"No matter what happens, travel gives you a story to tell."
-- appropriate Jewish aphorism
I was incredibly excited.
I was so excited that it seemed impossible to keep from bursting, and thereby require a cleanup team to get bits of Shiffman off the walls and out of the rug.
However, it turned out that I had hidden resources -- and lasted to that golden morn of Friday, April 10, 1981. The Deborah of Broadway Terrace, Sue-rae Rosenfeld, had suggested in a moment of inspiration that there be a sendoff party before the flight. It was a brilliant suggestion, getting the TAFF trip off to an early start and obtaining an early space reservation in my TAFF report.
I put in a lot of extra time at work that week, trying to get as much cleared away as possible. I was guaranteed my mere two weeks away by the production manager at Christian Dior Sleepwear and Ladies' Intimate Apparel, but it turned out to be a much busier time of year than anyone had expected. The big show of the company's lines was scheduled for shortly after my return, and everyone was getting very manic.
It's hell in women's undies.
My cheap watch had given up the ghost the week before. I filled in the temporally hag-ridden interval with my pocket-watch and a loaner from my Dad. But I needed a new watch, and it seemed that this particular day would be a good day for shopping. "Time flies," I thought in a cliched manner, "and I had better be able to measure it!" There were plenty of stores on Thirty-Second Street that carried what I wanted, and so I headed over to the peculiarly titled "Camera World and Sound." How does a camera sound? "Click," primarily, unless it's a Japanese model.
Eli Cohen called about the party at my parents' before my flight. We worked fairly near to one another, and so arranged to meet at our usual corner by the Empire State building. That edifice is of a fair size, and so is difficult to misplace. Anyway, arrangements made, I took a break from clawing through a tangled skein of flesh, fabric and fashion (so to speak) and went off to lunch. Huzzah!
The day was warm -- a springtime foreshadowing of the steampot that New York would become in the summer. I walked west along Thirty-Second Street from Madison Avenue, looked at the back of the Horace Greeley Statue at Greeley Square ("Go West, Young Man!"), and ended up at Broadway and CAMERA WORLD AND SOUND. Super.... I spotted the watch in the window that would suit my needs, a Casio with alarm and date features. Not a bad price, I thought, and went in. It took a while to get the attention of the expatriate Israelis at the timepiece counters -- I suffer from unnoticeability from time to time. Wonders, I was noticed ... yes, I want that watch... he writes out the order... "pay at the register" ... "have a nice day." And time to return to the AM-1 Garment Computer without lunch -- aha! I found a street hotdog cart, and that frankfurter with brown mustard along with a long orange juice (freshly squeezed Florida orange juice) from the corner stand became my noontime repast.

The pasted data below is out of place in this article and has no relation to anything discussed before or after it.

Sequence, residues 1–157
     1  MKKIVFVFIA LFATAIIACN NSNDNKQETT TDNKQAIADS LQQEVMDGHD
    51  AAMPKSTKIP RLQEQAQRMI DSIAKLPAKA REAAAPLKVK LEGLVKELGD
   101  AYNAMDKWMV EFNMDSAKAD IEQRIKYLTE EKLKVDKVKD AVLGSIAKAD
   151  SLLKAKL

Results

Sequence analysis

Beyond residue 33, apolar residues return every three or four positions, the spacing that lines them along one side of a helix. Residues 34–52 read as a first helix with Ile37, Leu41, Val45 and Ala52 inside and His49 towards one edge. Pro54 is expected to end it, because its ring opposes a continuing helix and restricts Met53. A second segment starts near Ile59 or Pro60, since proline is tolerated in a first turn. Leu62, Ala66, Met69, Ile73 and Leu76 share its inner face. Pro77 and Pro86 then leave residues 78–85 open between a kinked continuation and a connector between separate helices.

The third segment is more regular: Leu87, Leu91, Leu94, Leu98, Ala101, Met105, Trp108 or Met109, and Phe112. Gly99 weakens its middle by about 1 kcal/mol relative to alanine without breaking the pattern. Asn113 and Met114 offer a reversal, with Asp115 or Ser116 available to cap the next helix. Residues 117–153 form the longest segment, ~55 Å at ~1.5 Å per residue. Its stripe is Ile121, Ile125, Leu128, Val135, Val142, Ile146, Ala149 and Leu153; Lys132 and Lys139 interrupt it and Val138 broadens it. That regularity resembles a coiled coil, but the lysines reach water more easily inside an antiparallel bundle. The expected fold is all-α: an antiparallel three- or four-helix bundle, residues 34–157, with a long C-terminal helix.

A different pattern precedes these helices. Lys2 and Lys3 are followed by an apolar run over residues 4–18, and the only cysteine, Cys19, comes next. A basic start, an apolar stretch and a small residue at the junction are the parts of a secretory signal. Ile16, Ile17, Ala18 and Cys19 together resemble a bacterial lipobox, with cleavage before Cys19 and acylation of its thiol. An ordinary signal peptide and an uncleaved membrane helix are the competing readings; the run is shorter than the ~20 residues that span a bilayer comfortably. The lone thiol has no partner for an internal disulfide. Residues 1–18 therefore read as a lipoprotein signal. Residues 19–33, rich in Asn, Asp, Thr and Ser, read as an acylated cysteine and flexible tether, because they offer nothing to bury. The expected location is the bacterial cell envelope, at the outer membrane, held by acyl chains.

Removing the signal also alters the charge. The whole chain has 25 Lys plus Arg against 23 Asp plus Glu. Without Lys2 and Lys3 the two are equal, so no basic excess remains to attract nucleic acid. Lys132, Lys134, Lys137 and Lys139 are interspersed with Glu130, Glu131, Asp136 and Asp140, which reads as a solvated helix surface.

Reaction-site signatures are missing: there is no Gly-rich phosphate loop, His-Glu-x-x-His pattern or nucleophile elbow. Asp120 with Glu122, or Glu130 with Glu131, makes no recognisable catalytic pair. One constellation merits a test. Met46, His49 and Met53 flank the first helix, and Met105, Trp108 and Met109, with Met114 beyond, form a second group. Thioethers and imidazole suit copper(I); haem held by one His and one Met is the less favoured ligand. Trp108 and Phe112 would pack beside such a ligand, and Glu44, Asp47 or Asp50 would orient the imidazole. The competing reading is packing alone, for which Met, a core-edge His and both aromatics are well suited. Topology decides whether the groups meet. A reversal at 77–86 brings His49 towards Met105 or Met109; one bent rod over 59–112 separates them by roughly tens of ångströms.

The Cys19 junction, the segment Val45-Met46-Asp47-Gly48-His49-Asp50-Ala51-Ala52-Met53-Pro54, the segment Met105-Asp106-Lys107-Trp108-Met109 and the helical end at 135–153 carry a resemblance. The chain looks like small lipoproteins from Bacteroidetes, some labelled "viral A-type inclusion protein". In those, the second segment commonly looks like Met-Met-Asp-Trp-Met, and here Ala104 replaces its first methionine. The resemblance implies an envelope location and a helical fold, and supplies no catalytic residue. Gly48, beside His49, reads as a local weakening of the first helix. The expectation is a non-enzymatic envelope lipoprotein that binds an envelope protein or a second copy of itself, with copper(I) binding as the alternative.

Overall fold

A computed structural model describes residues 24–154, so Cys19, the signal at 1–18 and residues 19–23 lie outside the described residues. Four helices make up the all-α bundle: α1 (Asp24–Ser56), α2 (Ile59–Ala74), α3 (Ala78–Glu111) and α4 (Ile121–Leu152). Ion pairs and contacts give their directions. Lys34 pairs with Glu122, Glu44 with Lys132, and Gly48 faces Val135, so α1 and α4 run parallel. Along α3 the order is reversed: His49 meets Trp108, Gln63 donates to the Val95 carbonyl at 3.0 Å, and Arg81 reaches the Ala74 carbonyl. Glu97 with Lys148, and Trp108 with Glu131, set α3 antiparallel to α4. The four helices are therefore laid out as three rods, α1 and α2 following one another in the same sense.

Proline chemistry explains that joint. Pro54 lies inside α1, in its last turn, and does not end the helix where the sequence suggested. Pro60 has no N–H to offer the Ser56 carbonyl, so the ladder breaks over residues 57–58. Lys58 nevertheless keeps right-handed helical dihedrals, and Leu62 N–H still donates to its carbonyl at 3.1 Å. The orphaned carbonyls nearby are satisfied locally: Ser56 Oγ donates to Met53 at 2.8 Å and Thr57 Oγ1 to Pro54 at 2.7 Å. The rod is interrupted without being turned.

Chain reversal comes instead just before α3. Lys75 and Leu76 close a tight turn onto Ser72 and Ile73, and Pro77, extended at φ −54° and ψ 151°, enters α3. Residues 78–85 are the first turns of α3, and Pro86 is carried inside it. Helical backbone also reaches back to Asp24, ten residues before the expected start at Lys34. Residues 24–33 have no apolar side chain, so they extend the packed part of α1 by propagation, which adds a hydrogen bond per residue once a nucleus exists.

I went back to a busy VDT and a goodly pile of work. I tend to get rather wrapped up with the work, so that around 5 PM I was surprised to look up and notice the extreme absence of anyone in the room. That left me alone to do the SSAVE (a tape of all storage channels) -- an operation that sometimes takes as long as a half-hour. Ghod looked kindly upon me, at 5:15 I was on my way to meet Eli.
"I'm sorry to be late," I puffed as I ran across Fifth Avenue. "More problems. I just got a new watch and need the instruction booklet -- I didn't get one when I bought it."
"Oh sure," said Eli, " -- it's getting late 'though -- are you sure you need it?"
"I think so ... it beeps on the hour and today's not Tuesday the twenty-fifth...."
"No ..." replied Eli, "... that's quite true." And we were off to C.W.&S.
It was a wonderful scene as the clerk searched for a loose booklet only to end up giving me one taped to another box. Swell.
"We'll take the E train from Penn Station," I called. We set off for there. Eli then pointed out that the F train was closer, so we ran back towards Greeley Square for the entrance there. We were waiting for the light at the street corner to change when Eli asked another question.
"Do you have film?"
"Whuh? No, No -- I'd expect that they'll have film in Britain...."
"Sure, but at a ridiculous price ... you better get it here."
"But it's getting LATE!" I whined. I'd misplaced my cool. I had to concede the sensibility of Eli's suggestion, and we hurried back to the camera store row that exists on Thirty-Second Street. There I bought six rolls of color print film, threw them into my bag and ran off again towards the F train.
We suspended ourselves in the rush hour crowd within the subway car.
There was a good crowd at my parents' house in Flushing (famed in song and story). I had, with the connivance of the parental units, invited some of my best friends for dinner and to see me off at Kennedy Airport. Well, they hadn't been able to come, so Eli and I were greeted by the impatient cries of Sue-Rae Rosenfeld, Moshe Feder, Lis Eisenberg, D. Potter and Bill Wagner. My sister's friend Debbie Sprung was there too -- getting a bit of exercise staying out of Bill's arm's reach. They are a lunatic crew and I was glad to have them there. Larry Carmody, my erstwhile co-editor, was not able to make it, covering a truly spectacular junior high school basketball game for NEWSDAY (the commuters' friend).
Such, then, is life.